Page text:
This week we have a guest blog from Sam Smethers, Chief Executive of the Fawcett Society, on women and dementia.
Dementia is one of those illnesses that we don’t really like to talk about do we? It’s associated with ageing and while we know that we have an ageing society all the images around us are rather in denial preferring to promote youthful beauty. But it’s also a gender issue because women are more likely than men to be affected.
That is why I am pleased to be speaking at Age UK’s For Later Life conference on this issue in November. In fact I was shocked to learn when researching the subject that dementia is now the biggest cause of death for women in the UK. Women over 60 are twice as likely to develop Alzheimer’s disease than breast cancer. So it would seem reasonable to expect that research in this area would be focussing more heavily on women. But this is not so.
Lack of research on women and dementia
In a blog written by Gina Dutton for Fawcett, she points out that only a fraction of international research papers in this field relate directly to women and dementia. When it comes to looking for a cure for Alzheimer’s, women are not being retained in the research field either. A study which followed the careers of PhD graduates found that in 2009 70% of women continued to be employed in academia compared to 88% of men. By 2012, only 54% of women remained in academia compared to 81% of men.
So what is going on? We are seeing gender blind policy making and service development which in practice means it is designed by and for men. Just as in the world of work, that becomes the default model. This will almost certainly mean that women are not getting the care they need. And this is despite the fact that we have a public sector equality duty in place, so service providers should be thinking about gender and diversity in terms of service design and delivery.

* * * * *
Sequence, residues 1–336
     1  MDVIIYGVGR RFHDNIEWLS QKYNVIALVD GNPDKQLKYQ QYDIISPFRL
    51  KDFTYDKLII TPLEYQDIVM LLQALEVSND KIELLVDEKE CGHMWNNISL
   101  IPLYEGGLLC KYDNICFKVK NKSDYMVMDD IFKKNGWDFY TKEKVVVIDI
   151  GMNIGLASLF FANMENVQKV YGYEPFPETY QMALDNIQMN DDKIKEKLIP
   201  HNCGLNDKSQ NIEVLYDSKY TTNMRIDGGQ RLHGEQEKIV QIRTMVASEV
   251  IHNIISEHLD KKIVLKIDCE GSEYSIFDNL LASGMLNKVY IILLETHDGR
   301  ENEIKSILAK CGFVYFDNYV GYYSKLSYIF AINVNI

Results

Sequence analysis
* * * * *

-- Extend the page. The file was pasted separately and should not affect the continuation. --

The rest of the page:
When we consider carers, both paid and unpaid, this lack of focus on women becomes even more difficult to justify. Between 60 and 70% of all unpaid dementia carers are women. 19% of women who care for someone with dementia have had to give up their job.
80% of the paid care workforce is female. Many are working on or below the living wage, on zero hours contracts or not paid for their travel time or refunded the cost of petrol for their cars as they travel between clients. It speaks volumes to me that we treat our care workforce so badly because we value our older people so poorly.
Social care reform
Fawcett has welcomed the Chancellor’s commitment to introducing the National Living Wage. Resolution Foundation research shows 61% of the beneficiaries will be women, many of whom are in the care sector. But let’s be clear this is only because they are so poorly paid in the first place. Many in the care sector have been less enthusiastic, expressing alarm that they simply cannot afford to pay it.
However this reveals two things. Firstly, they do not make the connection between what they pay their staff and the quality of the service they provide. Secondly, and more fundamentally, we are building our social care infrastructure on extremely flimsy foundations – a model that requires poverty pay to be the norm.
We have to change that model. Social care reform has been rather kicked into the long grass but the rise in the number of people with dementia and our ageing population mean that the need for reform will come back to haunt this government and any future government.
Launch of new Care Commission
This is why Fawcett is pleased to be chairing a new Care Commission on the subject, focussing on valuing informal and paid care. We have to make sure that women as service users and service providers are at the heart of it. As a minimum, let’s care for them well, support informal family carers and pay our workforce fairly in the process.
Age UK’s annual For Later Life conference is taking place on Wednesday 18 November at BMA House in London. You can find out more about the conference on the Age UK website.